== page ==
Pull up a chair kiddies, Auntie is gonna tell you a story.
It was 1997. I was 20 years old. A young lady. State University and learning about how the world works.
I’d been on three dates with a guy named Ray. He was handsome, had a nice car, a nice condo, and a worldly last name. What’s not to like, right? It didn’t take long though, to realize that something was off. Insistent, assertive, and hyper-masculine…he seemed to know what he wanted, and would bull-doze anyone who impeded him. I was uncomfortable with him, and we were never ‘in a relationship’ so I thought it easiest to simply become too busy to date…so that’s what I did. Eventually he quit calling.
I lived in the dorms. My roommate, forever losing her key, would shove her key card in her bra and take off, leaving our door unlocked. It was never a problem. There were two additional sets of locks between us and the world. After a late night, processing film in the dark room, I returned to my room, showered and crawled in bed. I don’t really know how long I’d been asleep…minutes…hours…I honestly don’t have a time reference for the next span of time. He was on top of me. He was trying to…well…you can imagine….and I fought. I fought him as hard as is humanly possible. He had his hands on me. Groping…trying to find the edges of my clothes. I can tell you I remember the screaming in my head, although I’m not sure that it came out of my mouth. I fought…Out of my bed. Standing…throwing things at him. Hitting him…being hit back…pushing him out my door, down my hall….down the steps, fighting, being dragged. Pushing back. I shoved him out…out of the building…out of my life again. He turned and shoved the heavy security door closed on me, cursing me with every breath. The door clicked shut. The screaming stopped. It was quiet.
I returned to my room to find blood, hair, and an unholy mess. I had scrapes, bumps, and the beginnings of some glorious bruises, a dislocated shoulder and x-rays found stress fractures in my foot…but none of the blood in the room was mine. Although shaken, I felt a little badass…and a lot lucky.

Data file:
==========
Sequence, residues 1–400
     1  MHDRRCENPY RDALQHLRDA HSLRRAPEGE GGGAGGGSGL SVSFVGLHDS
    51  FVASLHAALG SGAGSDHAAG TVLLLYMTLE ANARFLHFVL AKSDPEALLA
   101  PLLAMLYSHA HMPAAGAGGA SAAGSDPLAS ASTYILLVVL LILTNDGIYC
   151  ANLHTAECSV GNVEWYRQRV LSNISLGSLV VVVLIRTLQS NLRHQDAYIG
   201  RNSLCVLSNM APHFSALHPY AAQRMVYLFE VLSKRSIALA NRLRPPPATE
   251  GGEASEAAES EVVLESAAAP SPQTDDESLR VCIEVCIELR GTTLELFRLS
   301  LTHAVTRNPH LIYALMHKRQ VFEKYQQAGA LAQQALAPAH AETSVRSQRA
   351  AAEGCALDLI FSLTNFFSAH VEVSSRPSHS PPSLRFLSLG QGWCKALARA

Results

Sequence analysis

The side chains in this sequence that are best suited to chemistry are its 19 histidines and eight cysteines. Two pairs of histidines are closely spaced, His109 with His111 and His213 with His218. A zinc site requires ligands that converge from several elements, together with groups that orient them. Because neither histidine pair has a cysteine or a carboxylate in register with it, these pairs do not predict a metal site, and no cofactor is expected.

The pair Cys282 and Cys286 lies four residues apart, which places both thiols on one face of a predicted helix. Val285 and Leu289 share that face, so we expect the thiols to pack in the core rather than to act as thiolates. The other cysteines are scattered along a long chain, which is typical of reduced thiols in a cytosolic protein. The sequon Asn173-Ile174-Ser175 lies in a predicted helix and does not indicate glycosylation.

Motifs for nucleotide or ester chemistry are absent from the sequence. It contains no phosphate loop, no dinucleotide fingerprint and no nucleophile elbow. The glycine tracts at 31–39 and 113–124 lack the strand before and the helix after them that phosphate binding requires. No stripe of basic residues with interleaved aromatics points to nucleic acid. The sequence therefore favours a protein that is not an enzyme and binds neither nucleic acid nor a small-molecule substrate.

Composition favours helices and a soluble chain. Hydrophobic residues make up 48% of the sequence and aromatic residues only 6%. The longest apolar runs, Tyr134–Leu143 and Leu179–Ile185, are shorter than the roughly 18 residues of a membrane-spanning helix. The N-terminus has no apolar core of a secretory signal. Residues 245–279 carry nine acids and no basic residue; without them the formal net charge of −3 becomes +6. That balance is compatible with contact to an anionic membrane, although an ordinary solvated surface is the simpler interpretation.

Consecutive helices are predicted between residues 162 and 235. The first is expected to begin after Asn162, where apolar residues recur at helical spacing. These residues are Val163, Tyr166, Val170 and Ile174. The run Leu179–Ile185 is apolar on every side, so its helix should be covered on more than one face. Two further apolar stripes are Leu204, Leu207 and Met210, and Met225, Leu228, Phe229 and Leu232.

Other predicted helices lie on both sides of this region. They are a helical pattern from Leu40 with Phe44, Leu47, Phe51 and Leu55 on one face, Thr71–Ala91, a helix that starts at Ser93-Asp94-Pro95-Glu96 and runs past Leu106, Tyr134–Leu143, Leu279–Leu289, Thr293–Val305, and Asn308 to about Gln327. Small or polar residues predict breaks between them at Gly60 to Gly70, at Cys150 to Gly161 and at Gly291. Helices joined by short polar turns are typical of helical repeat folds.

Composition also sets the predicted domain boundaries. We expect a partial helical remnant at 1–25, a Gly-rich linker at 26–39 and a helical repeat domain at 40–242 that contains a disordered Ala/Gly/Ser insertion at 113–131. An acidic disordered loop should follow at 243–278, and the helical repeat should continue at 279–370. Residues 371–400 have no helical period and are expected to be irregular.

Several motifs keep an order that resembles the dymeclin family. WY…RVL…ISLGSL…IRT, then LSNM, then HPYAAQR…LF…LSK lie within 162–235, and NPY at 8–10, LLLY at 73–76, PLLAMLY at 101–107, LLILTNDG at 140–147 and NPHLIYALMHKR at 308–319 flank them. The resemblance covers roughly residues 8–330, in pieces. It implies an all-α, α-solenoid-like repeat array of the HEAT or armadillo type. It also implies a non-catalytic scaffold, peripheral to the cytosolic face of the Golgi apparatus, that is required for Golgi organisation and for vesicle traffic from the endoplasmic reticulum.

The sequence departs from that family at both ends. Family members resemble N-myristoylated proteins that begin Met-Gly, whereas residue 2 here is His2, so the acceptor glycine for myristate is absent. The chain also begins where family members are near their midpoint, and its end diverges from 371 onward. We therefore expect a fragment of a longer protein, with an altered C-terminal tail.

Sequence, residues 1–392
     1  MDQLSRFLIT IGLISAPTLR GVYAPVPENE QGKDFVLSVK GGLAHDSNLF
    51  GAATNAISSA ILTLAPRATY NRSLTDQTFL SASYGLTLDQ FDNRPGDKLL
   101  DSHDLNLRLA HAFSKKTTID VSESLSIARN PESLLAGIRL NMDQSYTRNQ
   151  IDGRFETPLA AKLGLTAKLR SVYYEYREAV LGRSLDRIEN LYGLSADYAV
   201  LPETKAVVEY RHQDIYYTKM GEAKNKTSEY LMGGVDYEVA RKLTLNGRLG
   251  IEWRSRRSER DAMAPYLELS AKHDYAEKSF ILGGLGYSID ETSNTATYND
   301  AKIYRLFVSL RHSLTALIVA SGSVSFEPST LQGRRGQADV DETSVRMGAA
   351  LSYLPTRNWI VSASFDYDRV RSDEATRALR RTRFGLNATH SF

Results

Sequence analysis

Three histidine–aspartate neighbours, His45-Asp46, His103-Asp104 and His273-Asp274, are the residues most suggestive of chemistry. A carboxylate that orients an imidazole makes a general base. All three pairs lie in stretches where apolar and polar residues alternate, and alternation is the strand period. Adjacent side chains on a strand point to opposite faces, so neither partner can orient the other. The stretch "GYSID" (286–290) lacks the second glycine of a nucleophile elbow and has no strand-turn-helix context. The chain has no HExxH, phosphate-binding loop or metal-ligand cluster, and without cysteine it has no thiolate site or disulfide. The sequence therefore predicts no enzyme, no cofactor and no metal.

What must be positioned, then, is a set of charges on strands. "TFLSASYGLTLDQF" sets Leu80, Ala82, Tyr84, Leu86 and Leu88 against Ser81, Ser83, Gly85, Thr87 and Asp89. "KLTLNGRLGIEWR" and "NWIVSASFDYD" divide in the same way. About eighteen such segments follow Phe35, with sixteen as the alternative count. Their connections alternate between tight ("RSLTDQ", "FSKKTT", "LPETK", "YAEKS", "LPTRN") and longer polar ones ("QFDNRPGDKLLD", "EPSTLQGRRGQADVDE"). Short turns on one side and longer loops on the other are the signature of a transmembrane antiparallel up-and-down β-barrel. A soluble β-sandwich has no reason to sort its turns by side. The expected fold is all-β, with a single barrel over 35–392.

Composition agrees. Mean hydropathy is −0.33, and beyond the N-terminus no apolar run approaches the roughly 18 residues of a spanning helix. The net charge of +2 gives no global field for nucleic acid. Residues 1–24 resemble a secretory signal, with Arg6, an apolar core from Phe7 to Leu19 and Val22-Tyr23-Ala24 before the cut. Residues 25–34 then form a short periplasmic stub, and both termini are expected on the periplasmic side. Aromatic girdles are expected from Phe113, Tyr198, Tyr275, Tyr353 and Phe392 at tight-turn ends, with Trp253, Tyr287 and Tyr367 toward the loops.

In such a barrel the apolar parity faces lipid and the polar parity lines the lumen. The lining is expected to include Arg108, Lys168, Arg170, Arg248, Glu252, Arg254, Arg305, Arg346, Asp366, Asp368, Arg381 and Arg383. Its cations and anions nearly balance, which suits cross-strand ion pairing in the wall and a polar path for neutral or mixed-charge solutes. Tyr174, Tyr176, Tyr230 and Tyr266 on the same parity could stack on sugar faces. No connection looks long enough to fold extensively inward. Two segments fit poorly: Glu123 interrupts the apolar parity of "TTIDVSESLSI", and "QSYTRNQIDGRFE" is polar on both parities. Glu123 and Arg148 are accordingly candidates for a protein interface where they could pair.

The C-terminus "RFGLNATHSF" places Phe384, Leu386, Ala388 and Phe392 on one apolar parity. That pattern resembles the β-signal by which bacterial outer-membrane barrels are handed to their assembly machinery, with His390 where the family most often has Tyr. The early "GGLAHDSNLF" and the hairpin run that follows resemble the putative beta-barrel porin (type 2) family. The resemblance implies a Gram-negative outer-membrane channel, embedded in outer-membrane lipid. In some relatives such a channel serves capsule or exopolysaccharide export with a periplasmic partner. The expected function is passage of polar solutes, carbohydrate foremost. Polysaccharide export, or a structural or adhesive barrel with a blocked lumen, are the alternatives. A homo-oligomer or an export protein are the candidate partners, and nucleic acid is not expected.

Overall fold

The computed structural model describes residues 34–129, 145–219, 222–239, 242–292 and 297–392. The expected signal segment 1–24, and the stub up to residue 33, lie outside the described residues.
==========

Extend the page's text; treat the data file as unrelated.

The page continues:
Around 6am, back from the emergency room, I reported the incident to my residence director and campus police. She seemed offended, and immediately began to back-peddle about where the fault lay. See, the security door, the one with the combination lock on it, was broken. None of the residents knew. We all punched the code, turned the knob, and walked through. Turns out you didn’t need a code. Ray had followed a resident through the card swipe door, walked through the combination door, and right into my (unlocked) room. The university police and the RD promptly began interrogating me. Turned the tables entirely. Why hadn’t I called security? Why hadn’t I reported the incident last night? Why didn’t I sign in my guest? MY GUEST?? The absurdity of these questions is plain to me all these years later. Then, however, I was just floored. The displacement of responsibility….that’s the real ass chapper. I didn’t talk about it for years. It’s as if it never happened, except that I slept with a knife under my pillow and my arm draped over my neck. I didn’t sleep well for years. The university accepted no responsibility, suffered no ill from the situation, and even though I gave them Ray’s full name, address, and phone number, NOTHING was done. I was told that f I wanted to graduate I’d keep it quiet. I was young, easily intimidated, and scared of whatever repercussions the university might come up with. All these years later I still rarely speak of it because of the shame that was given to me. THIS is the problem. These incidents are real. They aren’t always violent, but they are REAL.